Treatment for depression in elderly patients may be done with medication and/or psychotherapy (including talk therapy and behavior therapy). Further, research has shown that a combination of the two treatment options is more effective than the use of medication or therapy alone. Although improvement may be seen as early as two weeks, the full effect of therapy may not be observable for several months. If the patient is having a major depressive episode, recovery may take from 6 to 12 months. This means that therapy for older adults is typically needed for longer periods of time than for the general population.

Medication for depression is generally well tolerated in older adults. Drugs used in treating depression in older adults include selective serotonin reuptake inhibitors (SSRIs) (sertraline, fluoxetine, paroxetine, fluvoxamine, citalopram, escitalopram) , secondary tricyclic antidepressants (nortriptyline, protriptyline, desipramine, amoxapine ), tertiary tricyclic antidepressants (amitriptyline, imipramine, doxepin, trimipramine, clomipramine ), monoamine oxidase inhibitors (MAOIs) (phenelzine, tranylcypromine ), and other antidepressants (maprotiline, bupropion, trazodone, venlafaxine, nefazodone, mirtazapine ). As with any medication, the patient should be monitored closely to determine how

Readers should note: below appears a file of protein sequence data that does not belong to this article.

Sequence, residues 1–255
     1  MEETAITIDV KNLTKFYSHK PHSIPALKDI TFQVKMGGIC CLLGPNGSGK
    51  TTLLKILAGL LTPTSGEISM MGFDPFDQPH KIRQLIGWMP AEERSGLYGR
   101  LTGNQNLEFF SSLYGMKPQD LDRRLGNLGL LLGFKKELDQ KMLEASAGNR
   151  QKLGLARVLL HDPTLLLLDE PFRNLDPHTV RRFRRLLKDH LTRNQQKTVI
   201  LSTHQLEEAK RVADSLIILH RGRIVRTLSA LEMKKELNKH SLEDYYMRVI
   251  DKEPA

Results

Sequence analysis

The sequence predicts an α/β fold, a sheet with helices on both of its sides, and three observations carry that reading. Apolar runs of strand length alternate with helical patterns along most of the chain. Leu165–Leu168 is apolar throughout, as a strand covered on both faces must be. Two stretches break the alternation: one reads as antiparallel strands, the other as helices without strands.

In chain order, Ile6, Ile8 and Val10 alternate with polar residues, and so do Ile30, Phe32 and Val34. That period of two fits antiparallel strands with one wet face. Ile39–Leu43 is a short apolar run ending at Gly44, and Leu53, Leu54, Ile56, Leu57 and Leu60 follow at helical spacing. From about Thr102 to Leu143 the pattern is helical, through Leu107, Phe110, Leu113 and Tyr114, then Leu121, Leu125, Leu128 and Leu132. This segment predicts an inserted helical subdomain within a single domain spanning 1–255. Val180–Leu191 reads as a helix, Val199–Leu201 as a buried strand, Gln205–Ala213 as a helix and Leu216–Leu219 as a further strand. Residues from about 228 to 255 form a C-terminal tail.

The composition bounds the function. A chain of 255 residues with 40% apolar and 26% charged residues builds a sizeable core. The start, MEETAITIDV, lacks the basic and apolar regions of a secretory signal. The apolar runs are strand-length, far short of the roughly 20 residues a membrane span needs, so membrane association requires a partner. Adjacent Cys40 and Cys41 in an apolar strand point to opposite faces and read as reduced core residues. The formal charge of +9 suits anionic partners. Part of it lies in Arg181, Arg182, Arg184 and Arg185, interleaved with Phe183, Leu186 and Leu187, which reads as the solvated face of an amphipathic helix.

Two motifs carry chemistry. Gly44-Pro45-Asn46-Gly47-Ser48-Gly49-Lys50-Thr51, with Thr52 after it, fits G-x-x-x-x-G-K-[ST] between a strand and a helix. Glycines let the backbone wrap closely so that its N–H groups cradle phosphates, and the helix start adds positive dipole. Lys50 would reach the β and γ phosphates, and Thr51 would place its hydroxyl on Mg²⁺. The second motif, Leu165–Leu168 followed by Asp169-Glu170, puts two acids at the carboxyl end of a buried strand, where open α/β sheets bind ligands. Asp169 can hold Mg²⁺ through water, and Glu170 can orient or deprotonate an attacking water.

KEY TERMS

Bipolar disorders —A group of mood disorders characterized by both depressive and manic or hypomanic episodes.

Major depressive disorder —Mental illness characterized by a profound and persistent feeling of sadness or despair and/or a loss of interest in things that were once pleasurable.

Seasonal affective disorder —A mood disorder in which major depressive episodes and/or manic episodes occur at predictable times of the year, with depressive episodes typically occurring during the fall and winter months. Seasonal affective disorder may be associated with a bipolar disorder, major depressive disorder, or subsyndromal depression.

Subsyndromal depression —Depressive episodes that do not meet the severity levels necessary for classification as major depressive episodes.

well he or she is reacting to the medication. If adverse reactions occur, another medication can be tried.

Prognosis

The general prognosis for recovery from depression in older adults is good, although recovery may take longer for older adults than for the general population.

Prevention

Increasingly, the literature is recognizing that although it is imperative to diagnose and treat depression in late life, it is equally important to prevent late-life depression in the first place. Researchers are currently investigating several models of prevention. These focus on individuals at high risk for depression in late life, including those with diseases that often occur with depression.